Unity City Academy

Unity City Academy

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Year 7 Catch-Up Funding

The Y7 Catch Up Fund is a grant payable to Unity City Academy from the Government via the Local Authority. It is provided for those students that fall below the expected standard in Mathematics and English in the Key Stage 2 SATS.   

Guidance from the Departments for  Education on expected standard is shown below:

The range of scaled scores available for each KS2 test is the same as 2016 and is intended to stay the same in future years. 80 is the lowest scaled score that can be awarded and 120 is the highest scaled score.

Pupils scoring at least a scaled score of 100 will have met the expected standard of the test.

A pupil awarded a scaled score of 99 or below has not met the expected standard in the test.

Pupils whose raw score is below the minimum needed to be awarded a scaled score on the test have not demonstrated sufficient understanding of the KS2 curriculum in the subject. Where this is the case the scaled score field for the pupil in the ‘Pupil results’ section of NCA tools will be ‘N’. The outcome of the test for the pupil will be ‘NS’: expected standard not achieved.

https://www.gov.uk/guidance/scaled-scores-at-key-stage-2

From 2016 onwards this funding can be used to support those students who did not achieve a scaled score of 100 in reading, writing and maths in their SATS National Tests and where additional teacher assessment at the end of KS2 judges them be below the expected standard and where they are unlikely to catch up without additional help.

At Unity City Academy our objectives are:

  • To obtain baseline KS2 data and identify those students eligible for Catch-Up in literacy and numeracy, enhancing SATs data with additional data from our primary partners who at that time know our students’ academic needs best
  • To assess the individual learning needs of the targeted students (supported by CATS scores, and information from the students’ primary schools).
  • To develop a range of strategies to ensure students make better than expected progress and meet nationally expected standards in reading, writing and maths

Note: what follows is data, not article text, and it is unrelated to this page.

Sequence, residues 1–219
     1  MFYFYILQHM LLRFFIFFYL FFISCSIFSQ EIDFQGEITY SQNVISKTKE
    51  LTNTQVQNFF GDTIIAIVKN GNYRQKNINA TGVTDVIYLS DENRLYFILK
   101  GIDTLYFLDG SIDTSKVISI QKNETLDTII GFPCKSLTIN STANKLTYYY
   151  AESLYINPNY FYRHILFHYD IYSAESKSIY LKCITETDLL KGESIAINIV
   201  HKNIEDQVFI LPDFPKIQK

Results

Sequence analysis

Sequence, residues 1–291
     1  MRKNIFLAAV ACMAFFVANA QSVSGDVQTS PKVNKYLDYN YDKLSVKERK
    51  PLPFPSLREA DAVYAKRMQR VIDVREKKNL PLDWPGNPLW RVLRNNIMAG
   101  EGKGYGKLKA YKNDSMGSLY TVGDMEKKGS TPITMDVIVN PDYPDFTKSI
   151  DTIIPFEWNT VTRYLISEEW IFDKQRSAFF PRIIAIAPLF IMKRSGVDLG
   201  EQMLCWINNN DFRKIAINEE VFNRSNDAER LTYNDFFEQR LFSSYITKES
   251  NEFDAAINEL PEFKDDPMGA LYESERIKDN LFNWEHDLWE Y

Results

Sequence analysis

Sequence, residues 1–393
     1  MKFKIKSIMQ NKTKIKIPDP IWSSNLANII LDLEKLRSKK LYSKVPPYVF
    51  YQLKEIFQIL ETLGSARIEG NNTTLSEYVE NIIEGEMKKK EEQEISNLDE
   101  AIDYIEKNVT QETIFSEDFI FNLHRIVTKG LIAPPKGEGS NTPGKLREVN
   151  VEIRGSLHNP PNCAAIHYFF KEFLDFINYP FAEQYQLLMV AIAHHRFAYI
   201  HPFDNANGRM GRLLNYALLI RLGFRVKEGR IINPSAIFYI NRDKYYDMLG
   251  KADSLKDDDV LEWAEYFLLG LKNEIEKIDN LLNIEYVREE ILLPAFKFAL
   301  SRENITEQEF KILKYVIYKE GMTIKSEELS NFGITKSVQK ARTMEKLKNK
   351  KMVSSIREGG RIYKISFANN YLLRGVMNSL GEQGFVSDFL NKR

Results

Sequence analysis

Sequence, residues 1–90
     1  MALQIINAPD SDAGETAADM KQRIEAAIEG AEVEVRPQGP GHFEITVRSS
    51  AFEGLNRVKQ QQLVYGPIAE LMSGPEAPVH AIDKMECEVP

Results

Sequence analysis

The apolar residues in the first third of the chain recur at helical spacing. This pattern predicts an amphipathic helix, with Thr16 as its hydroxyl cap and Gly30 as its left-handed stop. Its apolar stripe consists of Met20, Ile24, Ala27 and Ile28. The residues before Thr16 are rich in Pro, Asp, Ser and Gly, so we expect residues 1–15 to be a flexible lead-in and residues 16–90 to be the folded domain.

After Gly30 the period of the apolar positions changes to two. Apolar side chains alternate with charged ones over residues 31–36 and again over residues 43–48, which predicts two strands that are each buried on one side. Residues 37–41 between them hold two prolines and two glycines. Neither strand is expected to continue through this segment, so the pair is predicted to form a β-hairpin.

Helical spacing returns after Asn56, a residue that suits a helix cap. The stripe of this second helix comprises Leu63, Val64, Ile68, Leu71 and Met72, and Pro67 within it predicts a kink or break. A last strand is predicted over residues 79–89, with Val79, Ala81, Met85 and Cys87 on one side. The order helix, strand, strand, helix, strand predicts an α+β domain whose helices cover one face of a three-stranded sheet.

• To monitor progress of the targeted students and identify evidence of impact

Generic strategies which are beneficial for low attainers

Nationally there are groups of consistent  low attainers across the Key Stages, including: boys, students eligible for Free School Meals (FSM), students with English as an Additional Language (EAL), students with Special Educational Needs (SEN), students with high rates of mobility between schools, and Looked After Children (LAC). These characteristics often interact and place a pupil at increased likelihood of under-achievement. Low attainment is often due to complex interactions of a variety of social/demographic factors.

It should also be noted that these factors have already impacted on progress at Primary and unless effective intervention supports rapid progress towards the expected standards at the start of secondary education, student attainment will remain below expectations with a corresponding negative impact on students’ future opportunities.

We are aware of the research that identifies the strategies most widely understood to have a positive impact on progress.  Early intervention; good monitoring of students’ progress; tailoring teaching to the appropriate needs of individual students; coaching teachers/teaching assistants in specific teaching strategies such as cooperative learning; one-to-one tuition; peer-to-peer support; aspects of the home-school relationship; and study support.

At Unity City Academy we use the following strategies as part of our aim to meet the above recommendations:

  • Quality Wave 1 provision
  • Intervention to support reading-age improvements
  • Support for the social, emotional and behavioural aspects of moving to secondary school and so to facilitate secure transition
  • Early identification of needs
  • Close monitoring of progress